This morning I dropped the kids off at school and came home to find two of the four
chickens had escaped their coop/run yet again. It appears that we need to clip their wings again so the little escape artists can't get out as easily. Once they're out, they're out. They usually will not just walk back into their coop without persuading. That means, they get to stay out until I find some food or scraps to toss in their run to get them to agree to go back. I'm rarely in the mood to re-enact the Rocky scene of chasing chickens around for hours trying to prove who's the fastest, and since I have no plans to fight Apollo Creed, then I don't see the point.
(Next time they escape, I'm totally putting on a sweatsuit and a red headband......Yo Adrian!)
Anyway, I get home, look out the window and I see Red buried down in the little patch of dirt that runs along our back window. She spots me getting closer to the window and I can see it in her eyes........."I wouldn't be digging a hole out here if you would get your act together and build me a REAL dust bath". FINE red, I'll move it up the list of priorities.
For those of you who are pretty new to chickens, a dust bath is way for the chickens to keep themselves clean and help them cool off a little in the heat. The fine sand or dust keeps their feathers nice and clean and free of mites and lice. You can use different sorts of materials for the birds to bathe in and I've read that people often use dirt or sand and mix in wood ash from the fireplace, diatomaceous earth (food grade), and/or dried herbs.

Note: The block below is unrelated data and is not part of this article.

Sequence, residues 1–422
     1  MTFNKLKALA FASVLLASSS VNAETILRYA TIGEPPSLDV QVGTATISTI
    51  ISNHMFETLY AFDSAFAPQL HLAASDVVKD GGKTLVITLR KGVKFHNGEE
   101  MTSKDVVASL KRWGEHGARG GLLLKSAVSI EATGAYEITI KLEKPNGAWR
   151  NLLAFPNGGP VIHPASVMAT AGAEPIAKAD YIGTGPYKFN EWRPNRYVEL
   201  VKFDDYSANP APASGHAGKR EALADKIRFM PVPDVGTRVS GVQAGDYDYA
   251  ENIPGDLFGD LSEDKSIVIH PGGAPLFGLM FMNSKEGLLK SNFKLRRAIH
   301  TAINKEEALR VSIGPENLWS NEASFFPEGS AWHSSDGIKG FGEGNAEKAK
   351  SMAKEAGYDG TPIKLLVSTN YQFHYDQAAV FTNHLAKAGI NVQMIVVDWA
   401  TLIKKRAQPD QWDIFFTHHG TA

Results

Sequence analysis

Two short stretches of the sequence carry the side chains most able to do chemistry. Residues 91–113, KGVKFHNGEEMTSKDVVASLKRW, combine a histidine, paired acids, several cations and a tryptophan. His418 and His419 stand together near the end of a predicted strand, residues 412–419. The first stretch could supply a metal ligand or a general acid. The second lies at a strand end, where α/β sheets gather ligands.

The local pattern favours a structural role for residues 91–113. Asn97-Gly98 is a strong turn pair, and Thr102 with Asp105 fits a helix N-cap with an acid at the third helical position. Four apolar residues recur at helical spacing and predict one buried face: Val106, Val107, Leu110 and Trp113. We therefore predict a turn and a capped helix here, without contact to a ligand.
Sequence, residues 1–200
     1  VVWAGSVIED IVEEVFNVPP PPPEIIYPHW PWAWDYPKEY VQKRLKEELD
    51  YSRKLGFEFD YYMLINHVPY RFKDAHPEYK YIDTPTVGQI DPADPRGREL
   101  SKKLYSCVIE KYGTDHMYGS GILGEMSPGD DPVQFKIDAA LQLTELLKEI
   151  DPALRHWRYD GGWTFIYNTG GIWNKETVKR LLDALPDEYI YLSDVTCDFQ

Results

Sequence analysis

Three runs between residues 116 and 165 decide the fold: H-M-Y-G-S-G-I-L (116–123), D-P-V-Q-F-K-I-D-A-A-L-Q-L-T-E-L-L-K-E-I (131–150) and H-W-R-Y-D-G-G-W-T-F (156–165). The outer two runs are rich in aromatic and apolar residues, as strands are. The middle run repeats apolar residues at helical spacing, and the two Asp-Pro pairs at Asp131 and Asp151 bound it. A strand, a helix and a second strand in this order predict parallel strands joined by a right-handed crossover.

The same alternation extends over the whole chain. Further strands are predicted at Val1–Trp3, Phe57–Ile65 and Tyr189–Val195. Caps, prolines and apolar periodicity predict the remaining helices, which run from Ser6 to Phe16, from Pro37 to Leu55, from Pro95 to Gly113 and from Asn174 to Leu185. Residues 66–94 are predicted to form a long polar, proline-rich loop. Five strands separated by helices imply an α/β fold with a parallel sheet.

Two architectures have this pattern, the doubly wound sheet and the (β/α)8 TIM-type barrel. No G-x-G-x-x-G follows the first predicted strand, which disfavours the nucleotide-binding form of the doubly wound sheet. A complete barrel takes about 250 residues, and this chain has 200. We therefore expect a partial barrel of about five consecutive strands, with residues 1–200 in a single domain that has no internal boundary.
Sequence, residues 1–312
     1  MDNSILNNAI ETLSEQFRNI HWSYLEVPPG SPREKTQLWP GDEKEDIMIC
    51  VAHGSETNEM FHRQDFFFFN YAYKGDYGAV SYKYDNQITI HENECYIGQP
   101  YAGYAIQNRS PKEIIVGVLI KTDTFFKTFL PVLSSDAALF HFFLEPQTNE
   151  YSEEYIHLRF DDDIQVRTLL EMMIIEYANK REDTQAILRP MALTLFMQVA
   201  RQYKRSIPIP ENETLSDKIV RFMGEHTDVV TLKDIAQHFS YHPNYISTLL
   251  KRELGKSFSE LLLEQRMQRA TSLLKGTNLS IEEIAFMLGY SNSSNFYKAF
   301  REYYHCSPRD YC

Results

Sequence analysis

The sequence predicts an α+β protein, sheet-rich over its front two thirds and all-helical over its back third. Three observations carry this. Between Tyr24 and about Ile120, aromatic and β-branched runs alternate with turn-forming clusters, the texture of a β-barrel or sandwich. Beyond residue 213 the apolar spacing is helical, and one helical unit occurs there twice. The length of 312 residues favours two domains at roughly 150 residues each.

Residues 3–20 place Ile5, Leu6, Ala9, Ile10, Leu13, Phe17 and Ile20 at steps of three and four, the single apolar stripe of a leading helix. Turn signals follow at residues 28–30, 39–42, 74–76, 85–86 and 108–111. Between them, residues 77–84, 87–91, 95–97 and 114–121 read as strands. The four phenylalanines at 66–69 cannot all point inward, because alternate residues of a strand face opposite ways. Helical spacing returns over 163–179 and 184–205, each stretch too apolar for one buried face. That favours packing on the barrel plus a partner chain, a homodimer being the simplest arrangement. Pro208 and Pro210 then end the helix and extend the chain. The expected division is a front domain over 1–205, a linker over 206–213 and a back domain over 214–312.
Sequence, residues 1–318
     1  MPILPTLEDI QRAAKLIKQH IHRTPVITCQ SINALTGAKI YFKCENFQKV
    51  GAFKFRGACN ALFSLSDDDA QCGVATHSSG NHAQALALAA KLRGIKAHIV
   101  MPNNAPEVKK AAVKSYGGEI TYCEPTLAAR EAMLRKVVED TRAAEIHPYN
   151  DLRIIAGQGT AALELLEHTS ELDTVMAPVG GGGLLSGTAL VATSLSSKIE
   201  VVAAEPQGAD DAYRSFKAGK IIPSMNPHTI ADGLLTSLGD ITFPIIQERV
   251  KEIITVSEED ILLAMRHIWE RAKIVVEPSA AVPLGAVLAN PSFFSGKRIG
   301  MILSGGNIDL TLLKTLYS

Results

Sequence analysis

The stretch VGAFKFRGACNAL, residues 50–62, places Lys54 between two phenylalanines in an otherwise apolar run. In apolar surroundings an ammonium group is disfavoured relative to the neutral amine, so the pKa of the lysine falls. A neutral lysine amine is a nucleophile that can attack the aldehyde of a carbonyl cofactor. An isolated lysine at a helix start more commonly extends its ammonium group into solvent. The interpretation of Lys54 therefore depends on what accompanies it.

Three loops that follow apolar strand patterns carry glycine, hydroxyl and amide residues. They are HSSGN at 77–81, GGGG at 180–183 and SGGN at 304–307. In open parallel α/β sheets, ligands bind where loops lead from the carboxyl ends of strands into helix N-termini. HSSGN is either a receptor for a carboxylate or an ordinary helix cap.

The wood ash is good for the chickens to nibble on because the charcoal acts as a laxative and rids their bodies of any toxins or internal parasites.
The diatomaceous earth kills mites, fleas, ticks, and lice. Take precaution when using the diatomaceous earth because it comes as a fine powder that can easily blow in the wind and it can cause irritation to the lungs or eyes, so you may consider adding a small amount to the dirt and mixing it in or putting a layer of dirt on top of the DE.
Use dried herbs in the dust bath to act as natural insecticides. Herbs such as mint, rosemary, and lavender are all good choices. I've read that dried thyme and rosemary have good anti-inflammatory properties which would be beneficial for respiratory illnesses.
So now that I have just enough information to be dangerous, lets get this project moved up the list so the poor little darlings have a nice place for bathing.
Sometimes I think our animals have it better than I do...........
Cooking & home projects galore! My secret inner-designer revealed.